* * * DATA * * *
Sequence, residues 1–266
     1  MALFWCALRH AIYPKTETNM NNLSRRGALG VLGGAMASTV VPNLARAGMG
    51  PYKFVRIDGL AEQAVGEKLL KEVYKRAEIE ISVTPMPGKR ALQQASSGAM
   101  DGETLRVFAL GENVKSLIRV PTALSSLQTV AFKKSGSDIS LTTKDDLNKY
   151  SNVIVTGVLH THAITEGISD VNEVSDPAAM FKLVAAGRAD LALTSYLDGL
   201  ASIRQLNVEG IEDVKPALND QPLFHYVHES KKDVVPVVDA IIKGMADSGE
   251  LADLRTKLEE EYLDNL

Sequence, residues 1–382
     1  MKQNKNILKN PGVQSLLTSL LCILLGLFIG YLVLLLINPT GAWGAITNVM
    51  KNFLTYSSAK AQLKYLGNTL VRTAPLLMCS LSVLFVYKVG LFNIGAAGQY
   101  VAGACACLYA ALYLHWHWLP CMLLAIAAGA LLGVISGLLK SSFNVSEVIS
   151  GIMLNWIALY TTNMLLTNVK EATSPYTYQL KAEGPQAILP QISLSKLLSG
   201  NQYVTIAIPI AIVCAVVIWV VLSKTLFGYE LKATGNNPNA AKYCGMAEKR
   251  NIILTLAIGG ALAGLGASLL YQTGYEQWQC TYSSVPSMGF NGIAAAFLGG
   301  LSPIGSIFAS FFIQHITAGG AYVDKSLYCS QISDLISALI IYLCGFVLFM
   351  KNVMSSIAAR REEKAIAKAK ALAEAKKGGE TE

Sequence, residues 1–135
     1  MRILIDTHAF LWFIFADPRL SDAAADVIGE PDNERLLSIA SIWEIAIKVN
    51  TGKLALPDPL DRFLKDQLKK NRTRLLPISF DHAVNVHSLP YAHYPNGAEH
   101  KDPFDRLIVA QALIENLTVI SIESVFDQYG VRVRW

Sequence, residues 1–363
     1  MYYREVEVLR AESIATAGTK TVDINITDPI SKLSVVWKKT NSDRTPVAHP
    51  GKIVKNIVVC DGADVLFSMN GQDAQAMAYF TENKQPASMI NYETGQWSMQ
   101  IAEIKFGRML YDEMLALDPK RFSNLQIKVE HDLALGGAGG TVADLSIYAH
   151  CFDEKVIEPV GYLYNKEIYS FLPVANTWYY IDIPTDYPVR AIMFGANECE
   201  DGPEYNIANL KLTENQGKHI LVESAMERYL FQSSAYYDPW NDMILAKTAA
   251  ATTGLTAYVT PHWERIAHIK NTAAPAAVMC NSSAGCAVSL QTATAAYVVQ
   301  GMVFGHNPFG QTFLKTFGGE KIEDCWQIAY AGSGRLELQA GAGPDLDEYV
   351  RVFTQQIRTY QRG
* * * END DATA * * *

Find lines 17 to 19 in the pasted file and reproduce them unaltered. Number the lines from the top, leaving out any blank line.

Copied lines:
Sequence, residues 1–135
     1  MRILIDTHAF LWFIFADPRL SDAAADVIGE PDNERLLSIA SIWEIAIKVN
    51  TGKLALPDPL DRFLKDQLKK NRTRLLPISF DHAVNVHSLP YAHYPNGAEH